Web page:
An Empirical Study of the Impact of Corruption on Environmental Performance: Evidence from Panel Data


This paper extends the empirical debate on the effects of corruption on environmental degradation by considering a recently available measure of environmental quality, the Environmental Performance Index. This indicator is more comprehensive than the measures of air pollutant emissions commonly used in the literature and, in particular, can also capture the impact of pollution on human health. This allows for a better understanding of the actual effects of a wide range of human activities on the ecosystem. From a panel data analysis, two regularities emerge. First, corruption deteriorates the overall environmental quality. This effect is robust and persistent. Second, our findings highlight the improvement of environmental quality as income rises, even at an initial level of development. This is not in contradiction with the EKC hypothesis because an increase in income levels provides positive externalities on the whole environmental quality by compensating the mere negative effects induced by industrialization on the emission levels. As a consequence, in emerging economies, policies fighting corruption and enhancing development are very likely to improve the environmental performances.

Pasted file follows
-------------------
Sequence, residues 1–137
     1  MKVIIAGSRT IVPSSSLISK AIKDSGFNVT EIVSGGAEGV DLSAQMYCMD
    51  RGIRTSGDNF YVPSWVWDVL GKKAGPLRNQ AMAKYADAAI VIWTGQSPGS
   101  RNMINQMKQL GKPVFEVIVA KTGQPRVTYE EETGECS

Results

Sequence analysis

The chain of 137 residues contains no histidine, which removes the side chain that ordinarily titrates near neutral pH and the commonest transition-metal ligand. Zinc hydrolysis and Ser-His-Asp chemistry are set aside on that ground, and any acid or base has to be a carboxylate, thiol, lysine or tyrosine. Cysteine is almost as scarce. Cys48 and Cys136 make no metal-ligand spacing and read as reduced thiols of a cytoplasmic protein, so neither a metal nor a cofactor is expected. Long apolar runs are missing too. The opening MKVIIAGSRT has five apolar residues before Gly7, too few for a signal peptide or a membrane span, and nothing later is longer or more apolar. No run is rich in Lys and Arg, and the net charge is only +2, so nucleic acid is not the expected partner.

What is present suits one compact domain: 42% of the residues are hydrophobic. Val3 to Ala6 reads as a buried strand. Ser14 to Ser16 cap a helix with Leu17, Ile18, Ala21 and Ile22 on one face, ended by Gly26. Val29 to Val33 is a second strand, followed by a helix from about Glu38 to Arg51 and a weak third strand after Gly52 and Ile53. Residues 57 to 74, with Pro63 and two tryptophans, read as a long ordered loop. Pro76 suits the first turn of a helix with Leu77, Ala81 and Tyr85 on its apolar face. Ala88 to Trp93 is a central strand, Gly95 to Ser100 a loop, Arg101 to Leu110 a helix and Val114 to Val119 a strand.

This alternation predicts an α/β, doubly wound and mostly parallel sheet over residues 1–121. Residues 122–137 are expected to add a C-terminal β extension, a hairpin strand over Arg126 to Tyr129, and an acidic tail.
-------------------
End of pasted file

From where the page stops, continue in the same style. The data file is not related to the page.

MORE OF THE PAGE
Lisciandra, Maurizio Migliardo, Carlo


Environmental and Resource Economics, 2016


Corruption , EKC , Pollution , Panel data , Panel VAR


DOI 10.1007/s10640-016-0019-1